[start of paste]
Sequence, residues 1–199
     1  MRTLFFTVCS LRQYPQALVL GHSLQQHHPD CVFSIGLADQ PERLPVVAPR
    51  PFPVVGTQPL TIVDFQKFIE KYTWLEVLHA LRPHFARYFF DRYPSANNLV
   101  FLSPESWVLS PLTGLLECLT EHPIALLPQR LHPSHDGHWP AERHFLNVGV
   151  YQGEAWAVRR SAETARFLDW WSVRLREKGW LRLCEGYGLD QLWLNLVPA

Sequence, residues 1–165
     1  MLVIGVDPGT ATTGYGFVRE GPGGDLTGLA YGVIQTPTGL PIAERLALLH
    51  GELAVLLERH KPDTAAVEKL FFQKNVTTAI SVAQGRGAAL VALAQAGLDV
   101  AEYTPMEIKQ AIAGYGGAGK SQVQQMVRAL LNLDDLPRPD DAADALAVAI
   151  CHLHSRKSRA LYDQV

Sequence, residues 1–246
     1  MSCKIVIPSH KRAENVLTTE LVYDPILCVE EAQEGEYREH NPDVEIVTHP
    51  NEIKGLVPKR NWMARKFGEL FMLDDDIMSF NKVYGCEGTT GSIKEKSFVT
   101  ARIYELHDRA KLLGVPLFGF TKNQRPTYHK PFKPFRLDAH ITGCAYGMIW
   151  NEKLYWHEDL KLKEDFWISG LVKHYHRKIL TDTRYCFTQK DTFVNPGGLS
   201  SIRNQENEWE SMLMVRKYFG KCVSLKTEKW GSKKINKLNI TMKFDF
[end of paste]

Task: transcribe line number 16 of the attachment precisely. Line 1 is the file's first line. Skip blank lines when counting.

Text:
   201  SIRNQENEWE SMLMVRKYFG KCVSLKTEKW GSKKINKLNI TMKFDF